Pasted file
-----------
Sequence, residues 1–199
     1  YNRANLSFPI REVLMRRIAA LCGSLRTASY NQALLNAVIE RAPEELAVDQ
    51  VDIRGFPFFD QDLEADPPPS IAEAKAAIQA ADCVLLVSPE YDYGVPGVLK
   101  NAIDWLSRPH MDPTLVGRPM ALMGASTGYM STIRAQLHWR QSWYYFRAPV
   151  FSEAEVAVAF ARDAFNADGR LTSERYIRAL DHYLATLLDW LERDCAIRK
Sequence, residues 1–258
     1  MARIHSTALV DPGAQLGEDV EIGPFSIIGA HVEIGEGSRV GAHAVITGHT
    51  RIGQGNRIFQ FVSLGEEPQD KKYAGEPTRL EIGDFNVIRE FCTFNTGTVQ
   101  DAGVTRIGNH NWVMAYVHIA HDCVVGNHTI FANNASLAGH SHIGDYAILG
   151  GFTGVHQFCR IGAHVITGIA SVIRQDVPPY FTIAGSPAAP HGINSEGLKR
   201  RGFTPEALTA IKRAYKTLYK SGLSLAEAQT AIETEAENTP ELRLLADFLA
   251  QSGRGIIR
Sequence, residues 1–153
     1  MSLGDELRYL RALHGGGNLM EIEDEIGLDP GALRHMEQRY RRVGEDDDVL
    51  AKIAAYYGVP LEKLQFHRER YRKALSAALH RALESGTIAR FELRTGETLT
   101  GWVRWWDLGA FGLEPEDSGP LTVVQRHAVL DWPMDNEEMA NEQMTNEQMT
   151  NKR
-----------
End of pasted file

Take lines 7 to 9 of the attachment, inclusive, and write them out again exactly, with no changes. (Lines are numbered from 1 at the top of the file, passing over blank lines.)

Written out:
     1  MARIHSTALV DPGAQLGEDV EIGPFSIIGA HVEIGEGSRV GAHAVITGHT
    51  RIGQGNRIFQ FVSLGEEPQD KKYAGEPTRL EIGDFNVIRE FCTFNTGTVQ
   101  DAGVTRIGNH NWVMAYVHIA HDCVVGNHTI FANNASLAGH SHIGDYAILG